The New-York Historical Society’s Institute for Constitutional History (ICH), our partner on the New Essays in Constitutional History series, has announced its fall 2012 Robert H. Smith seminar for advanced graduate students and junior faculty.
The seminar, titled “Union, Race, and Nation: Creating the Federal Republic, 1776–1801,”will explore the origins of American constitutionalism from 1776 through 1801, from the years of Revolution to the election of Thomas Jefferson.
Designed for graduate students and junior faculty in history, political science, law, and related disciplines, this seminar will take place Thursdays in September, October, and November of this year at the New-York Historical Society in New York City.
The New-York Historical Society’s Institute for Constitutional History (ICH) and the Stanford Constitutional Law Center invite university instructors (including adjuncts, part-time faculty, and postdoctoral fellows) to apply for a summer workshop on “Assessing the US Constitution: Twenty-First-Century Responses to Eighteenth-Century Assumptions.” ICH is our partner on the New Essays in Constitutional History series. The deadline for applications is May 1, 2012. Learn more below.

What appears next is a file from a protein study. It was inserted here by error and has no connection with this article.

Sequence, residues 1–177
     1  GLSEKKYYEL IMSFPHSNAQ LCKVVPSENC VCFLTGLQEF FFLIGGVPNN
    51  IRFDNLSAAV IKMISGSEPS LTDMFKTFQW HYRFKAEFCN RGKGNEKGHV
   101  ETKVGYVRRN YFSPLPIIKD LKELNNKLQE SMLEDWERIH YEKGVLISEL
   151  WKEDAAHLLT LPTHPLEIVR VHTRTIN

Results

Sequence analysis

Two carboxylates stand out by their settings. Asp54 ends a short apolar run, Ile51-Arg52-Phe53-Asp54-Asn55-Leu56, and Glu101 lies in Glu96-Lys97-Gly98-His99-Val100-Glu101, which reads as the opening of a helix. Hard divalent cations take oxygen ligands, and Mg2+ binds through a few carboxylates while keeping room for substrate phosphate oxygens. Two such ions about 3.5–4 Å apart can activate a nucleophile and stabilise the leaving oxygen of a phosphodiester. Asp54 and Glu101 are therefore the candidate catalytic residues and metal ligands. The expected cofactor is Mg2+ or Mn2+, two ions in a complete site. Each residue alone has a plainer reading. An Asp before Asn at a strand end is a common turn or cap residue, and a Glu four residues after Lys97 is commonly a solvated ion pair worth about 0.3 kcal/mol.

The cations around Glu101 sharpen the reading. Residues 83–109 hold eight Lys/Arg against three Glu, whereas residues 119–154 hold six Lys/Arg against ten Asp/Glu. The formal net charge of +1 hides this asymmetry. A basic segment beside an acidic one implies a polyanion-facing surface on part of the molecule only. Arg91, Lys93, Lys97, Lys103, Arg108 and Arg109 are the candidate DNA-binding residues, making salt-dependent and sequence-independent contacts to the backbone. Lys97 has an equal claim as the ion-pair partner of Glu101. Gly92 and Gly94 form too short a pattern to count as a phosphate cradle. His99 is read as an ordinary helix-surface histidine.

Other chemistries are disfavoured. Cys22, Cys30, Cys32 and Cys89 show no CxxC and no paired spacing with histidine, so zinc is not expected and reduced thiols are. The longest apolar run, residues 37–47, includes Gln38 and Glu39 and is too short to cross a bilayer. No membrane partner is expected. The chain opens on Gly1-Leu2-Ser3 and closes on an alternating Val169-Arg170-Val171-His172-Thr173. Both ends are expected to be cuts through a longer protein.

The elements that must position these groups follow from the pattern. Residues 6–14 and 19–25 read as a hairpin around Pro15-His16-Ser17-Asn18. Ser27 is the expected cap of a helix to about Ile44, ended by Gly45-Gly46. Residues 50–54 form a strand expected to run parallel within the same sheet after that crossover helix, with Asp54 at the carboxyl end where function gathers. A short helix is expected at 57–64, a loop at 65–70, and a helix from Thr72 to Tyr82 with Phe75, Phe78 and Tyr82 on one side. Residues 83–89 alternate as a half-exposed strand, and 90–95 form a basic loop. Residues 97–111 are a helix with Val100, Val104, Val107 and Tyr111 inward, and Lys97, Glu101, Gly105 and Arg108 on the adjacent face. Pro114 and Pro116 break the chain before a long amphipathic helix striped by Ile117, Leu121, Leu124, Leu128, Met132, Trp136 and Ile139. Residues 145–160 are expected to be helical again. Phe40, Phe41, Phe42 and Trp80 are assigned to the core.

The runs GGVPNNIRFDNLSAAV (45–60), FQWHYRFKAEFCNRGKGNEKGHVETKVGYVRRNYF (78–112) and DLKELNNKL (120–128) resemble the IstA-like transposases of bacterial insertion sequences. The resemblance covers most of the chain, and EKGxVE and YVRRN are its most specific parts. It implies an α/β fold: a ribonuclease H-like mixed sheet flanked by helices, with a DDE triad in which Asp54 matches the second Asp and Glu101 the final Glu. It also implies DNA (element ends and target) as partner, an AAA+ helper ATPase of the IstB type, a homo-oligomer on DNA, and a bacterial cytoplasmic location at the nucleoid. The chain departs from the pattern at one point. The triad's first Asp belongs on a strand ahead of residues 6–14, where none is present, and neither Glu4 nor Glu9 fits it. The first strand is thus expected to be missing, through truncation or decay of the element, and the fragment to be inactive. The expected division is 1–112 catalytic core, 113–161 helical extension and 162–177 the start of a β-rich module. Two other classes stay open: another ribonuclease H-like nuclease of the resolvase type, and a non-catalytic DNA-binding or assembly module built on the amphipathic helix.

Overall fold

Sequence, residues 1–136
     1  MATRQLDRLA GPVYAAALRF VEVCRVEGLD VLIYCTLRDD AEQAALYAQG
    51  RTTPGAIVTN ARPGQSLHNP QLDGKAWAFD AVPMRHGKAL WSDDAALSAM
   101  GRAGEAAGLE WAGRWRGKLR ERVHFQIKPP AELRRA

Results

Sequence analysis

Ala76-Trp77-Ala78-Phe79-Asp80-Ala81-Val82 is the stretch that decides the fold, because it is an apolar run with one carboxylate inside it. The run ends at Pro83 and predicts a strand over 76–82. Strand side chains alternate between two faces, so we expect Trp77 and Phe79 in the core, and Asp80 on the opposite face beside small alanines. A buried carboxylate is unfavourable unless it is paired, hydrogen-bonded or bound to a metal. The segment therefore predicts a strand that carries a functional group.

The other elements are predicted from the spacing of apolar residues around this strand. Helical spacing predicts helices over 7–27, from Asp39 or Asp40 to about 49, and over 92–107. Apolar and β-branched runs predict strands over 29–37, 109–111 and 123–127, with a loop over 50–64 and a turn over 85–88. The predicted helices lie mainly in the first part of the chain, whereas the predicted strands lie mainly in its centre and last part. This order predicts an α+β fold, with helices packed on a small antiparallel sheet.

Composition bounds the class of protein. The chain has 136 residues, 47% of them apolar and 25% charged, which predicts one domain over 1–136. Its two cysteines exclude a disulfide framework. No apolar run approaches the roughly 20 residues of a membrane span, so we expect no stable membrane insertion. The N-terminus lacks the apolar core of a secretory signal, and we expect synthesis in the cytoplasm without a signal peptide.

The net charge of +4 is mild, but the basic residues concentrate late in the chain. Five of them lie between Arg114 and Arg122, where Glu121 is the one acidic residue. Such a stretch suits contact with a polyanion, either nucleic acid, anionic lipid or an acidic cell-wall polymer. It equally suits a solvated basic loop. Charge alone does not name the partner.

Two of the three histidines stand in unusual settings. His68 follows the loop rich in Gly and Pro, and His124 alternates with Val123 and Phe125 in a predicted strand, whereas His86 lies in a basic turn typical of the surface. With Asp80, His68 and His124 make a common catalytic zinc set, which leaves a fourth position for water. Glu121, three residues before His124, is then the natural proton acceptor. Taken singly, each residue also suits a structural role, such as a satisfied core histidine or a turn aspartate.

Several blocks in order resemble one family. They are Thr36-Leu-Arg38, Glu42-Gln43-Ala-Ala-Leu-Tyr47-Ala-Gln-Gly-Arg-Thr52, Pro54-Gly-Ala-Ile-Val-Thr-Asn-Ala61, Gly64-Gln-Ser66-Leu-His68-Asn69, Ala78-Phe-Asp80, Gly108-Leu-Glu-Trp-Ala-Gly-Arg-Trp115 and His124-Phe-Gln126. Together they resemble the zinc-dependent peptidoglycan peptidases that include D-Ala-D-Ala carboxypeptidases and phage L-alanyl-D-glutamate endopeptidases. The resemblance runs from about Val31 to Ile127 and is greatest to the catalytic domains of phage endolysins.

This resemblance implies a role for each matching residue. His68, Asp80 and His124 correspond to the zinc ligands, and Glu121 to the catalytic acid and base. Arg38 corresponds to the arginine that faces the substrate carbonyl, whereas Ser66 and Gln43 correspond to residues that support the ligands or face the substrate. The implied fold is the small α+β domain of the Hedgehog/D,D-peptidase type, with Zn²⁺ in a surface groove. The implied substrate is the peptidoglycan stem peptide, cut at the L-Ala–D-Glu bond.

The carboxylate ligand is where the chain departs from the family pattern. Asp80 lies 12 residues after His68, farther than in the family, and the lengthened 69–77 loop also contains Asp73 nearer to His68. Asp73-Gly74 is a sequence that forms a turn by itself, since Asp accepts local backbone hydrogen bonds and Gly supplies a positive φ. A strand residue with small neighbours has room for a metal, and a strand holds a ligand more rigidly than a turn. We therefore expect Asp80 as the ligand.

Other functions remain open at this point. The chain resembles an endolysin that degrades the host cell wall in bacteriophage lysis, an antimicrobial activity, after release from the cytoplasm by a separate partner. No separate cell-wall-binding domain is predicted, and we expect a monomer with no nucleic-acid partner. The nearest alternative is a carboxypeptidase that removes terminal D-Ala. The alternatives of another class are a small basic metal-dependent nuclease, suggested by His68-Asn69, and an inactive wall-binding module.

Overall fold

Assessing the US Constitution: Twenty-First-Century Responses to Eighteenth-Century Assumptions
Date: July 8–14, 2012
Location: Stanford, California
Workshop Leader: Sanford Levinson
Stipend & Support: Accommodation at the Munger Graduate Residence on the campus of Stanford Law School, modest stipend for meals, and travel reimbursement up to $250.
The Institute for Constitutional History (ICH), the nation’s premier center dedicated to the exploration of the historical development of the U.S. constitution, invites applications—to be submitted by January 15, 2012—from advanced graduate students and early-career faculty who are interested in taking part in two Robert H. Smith seminars that the institute is organizing in spring 2012. There will be no tuition or other fees for participation in the seminars (although books and other necessary study material will have to be acquired by the participants themselves).